The Devil's Peak in the dusk, 2014, looking south from the Hawker Road.

Life between two fires

Week of Sunday April 10 - Easter Two
Bible: John 21:1-19

After these things Jesus showed himself again to the disciples by the Sea of Tiberias; and he showed himself in this way. 2Gathered there together were Simon Peter, Thomas called the Twin, Nathanael of Cana in Galilee, the sons of Zebedee, and two others of his disciples.3Simon Peter said to them, ‘I am going fishing.’ They said to him, ‘We will go with you.’ They went out and got into the boat, but that night they caught nothing.
4 Just after daybreak, Jesus stood on the beach; but the disciples did not know that it was Jesus. 5Jesus said to them, ‘Children, you have no fish, have you?’ They answered him, ‘No.’ 6He said to them, ‘Cast the net to the right side of the boat, and you will find some.’ So they cast it, and now they were not able to haul it in because there were so many fish.7That disciple whom Jesus loved said to Peter, ‘It is the Lord!’ When Simon Peter heard that it was the Lord, he put on some clothes, for he was naked, and jumped into the lake. 8But the other disciples came in the boat, dragging the net full of fish, for they were not far from the land, only about a hundred yards off.
9 When they had gone ashore, they saw a charcoal fire there, with fish on it, and bread. 10Jesus said to them, ‘Bring some of the fish that you have just caught.’ 11So Simon Peter went aboard and hauled the net ashore, full of large fish, a hundred and fifty-three of them; and though there were so many, the net was not torn. 12Jesus said to them, ‘Come and have breakfast.’ Now none of the disciples dared to ask him, ‘Who are you?’ because they knew it was the Lord. 13Jesus came and took the bread and gave it to them, and did the same with the fish. 14This was now the third time that Jesus appeared to the disciples after he was raised from the dead.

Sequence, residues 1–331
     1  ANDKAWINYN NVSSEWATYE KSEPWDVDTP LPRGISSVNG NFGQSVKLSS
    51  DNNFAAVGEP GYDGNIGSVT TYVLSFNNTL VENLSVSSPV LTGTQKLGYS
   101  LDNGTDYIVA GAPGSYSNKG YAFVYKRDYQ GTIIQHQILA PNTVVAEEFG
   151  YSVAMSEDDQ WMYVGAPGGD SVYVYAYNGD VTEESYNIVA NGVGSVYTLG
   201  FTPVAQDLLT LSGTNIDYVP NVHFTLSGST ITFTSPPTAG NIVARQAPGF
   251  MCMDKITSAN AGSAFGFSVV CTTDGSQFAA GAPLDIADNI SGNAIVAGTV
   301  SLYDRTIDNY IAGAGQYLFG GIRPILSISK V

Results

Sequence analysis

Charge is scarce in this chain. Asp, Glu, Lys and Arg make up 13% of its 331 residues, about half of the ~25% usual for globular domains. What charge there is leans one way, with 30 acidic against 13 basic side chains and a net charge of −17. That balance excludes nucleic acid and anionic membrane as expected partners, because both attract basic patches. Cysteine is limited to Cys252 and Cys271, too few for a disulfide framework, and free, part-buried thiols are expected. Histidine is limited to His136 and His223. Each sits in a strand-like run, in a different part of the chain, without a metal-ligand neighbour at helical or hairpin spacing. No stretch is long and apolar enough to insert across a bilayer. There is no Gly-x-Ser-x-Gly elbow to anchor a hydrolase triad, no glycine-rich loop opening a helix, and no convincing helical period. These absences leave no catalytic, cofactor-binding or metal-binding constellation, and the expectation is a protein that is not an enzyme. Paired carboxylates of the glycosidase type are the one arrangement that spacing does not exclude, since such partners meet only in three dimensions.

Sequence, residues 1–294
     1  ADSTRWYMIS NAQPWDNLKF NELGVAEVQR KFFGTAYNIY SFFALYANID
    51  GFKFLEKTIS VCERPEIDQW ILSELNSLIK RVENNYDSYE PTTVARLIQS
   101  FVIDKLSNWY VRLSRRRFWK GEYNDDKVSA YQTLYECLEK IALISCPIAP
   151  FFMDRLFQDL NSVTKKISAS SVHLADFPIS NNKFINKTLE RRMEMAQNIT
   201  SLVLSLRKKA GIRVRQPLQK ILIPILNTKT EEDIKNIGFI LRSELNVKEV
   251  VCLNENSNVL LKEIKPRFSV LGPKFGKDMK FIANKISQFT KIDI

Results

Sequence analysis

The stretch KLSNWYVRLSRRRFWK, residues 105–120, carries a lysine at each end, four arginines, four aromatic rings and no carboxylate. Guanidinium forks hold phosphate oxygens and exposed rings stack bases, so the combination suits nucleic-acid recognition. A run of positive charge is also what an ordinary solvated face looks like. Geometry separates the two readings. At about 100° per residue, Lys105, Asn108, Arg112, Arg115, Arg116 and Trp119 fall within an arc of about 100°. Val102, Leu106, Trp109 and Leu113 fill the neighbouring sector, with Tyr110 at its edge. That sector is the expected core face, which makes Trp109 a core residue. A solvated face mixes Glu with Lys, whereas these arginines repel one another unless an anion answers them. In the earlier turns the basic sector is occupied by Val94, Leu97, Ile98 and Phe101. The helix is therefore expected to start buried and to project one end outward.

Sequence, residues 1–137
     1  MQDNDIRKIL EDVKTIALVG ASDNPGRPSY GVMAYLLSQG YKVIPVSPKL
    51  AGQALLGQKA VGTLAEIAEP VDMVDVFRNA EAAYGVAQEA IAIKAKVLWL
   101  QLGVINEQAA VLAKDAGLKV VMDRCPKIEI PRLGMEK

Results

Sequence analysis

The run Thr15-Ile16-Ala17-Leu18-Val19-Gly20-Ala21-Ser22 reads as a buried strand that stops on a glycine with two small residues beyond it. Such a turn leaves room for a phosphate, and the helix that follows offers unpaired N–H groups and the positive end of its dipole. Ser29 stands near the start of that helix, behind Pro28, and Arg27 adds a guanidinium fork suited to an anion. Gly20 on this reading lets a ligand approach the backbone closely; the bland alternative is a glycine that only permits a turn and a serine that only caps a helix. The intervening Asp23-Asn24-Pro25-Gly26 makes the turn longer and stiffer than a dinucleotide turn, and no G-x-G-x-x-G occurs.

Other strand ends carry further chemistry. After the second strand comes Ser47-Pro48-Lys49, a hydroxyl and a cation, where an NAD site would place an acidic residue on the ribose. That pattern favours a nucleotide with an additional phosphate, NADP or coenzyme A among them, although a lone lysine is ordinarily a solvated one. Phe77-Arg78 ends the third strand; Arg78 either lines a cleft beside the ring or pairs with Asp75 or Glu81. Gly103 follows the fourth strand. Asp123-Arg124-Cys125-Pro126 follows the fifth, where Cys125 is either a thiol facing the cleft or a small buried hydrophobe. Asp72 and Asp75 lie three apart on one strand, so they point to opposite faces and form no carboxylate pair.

15 When they had finished breakfast, Jesus said to Simon Peter, ‘Simon son of John, do you love me more than these?’ He said to him, ‘Yes, Lord; you know that I love you.’ Jesus said to him, ‘Feed my lambs.’ 16A second time he said to him, ‘Simon son of John, do you love me?’ He said to him, ‘Yes, Lord; you know that I love you.’ Jesus said to him, ‘Tend my sheep.’17He said to him the third time, ‘Simon son of John, do you love me?’ Peter felt hurt because he said to him the third time, ‘Do you love me?’ And he said to him, ‘Lord, you know everything; you know that I love you.’ Jesus said to him, ‘Feed my sheep. 18Very truly, I tell you, when you were younger, you used to fasten your own belt and to go wherever you wished. But when you grow old, you will stretch out your hands, and someone else will fasten a belt around you and take you where you do not wish to go.’ 19(He said this to indicate the kind of death by which he would glorify God.) After this he said to him, ‘Follow me.’
20 Peter turned and saw the disciple whom Jesus loved following them; he was the one who had reclined next to Jesus at the supper and had said, ‘Lord, who is it that is going to betray you?’ 21When Peter saw him, he said to Jesus, ‘Lord, what about him?’ 22Jesus said to him, ‘If it is my will that he remain until I come, what is that to you? Follow me!’ 23So the rumour spread in the community that this disciple would not die. Yet Jesus did not say to him that he would not die, but, ‘If it is my will that he remain until I come, what is that to you?’
24 This is the disciple who is testifying to these things and has written them, and we know that his testimony is true. 25But there are also many other things that Jesus did; if every one of them were written down, I suppose that the world itself could not contain the books that would be written.

 ...

Very truly, I tell you, when you were younger,
you used to fasten your own belt
 and to go wherever you wished.

But when you grow old, you will stretch out your hands,
and someone else will fasten a belt around you
and take you where you do not wish to go.’ 

Out of the mouth of Jesus and away from the Gospel of John, this little verse is a sharp summation of what we learn about life as we grow older. As we take it back to the alternative ending of John's gospel, what does it say to our life of faith?

When I first read the Gospel of John, before I had any critical tools, I read Chapter 20:30-31

Now Jesus did many other signs in the presence of his disciples, which are not written in this book. 31But these are written so that you may come to believe that Jesus is the Messiah, the Son of God, and that through believing you may have life in his name.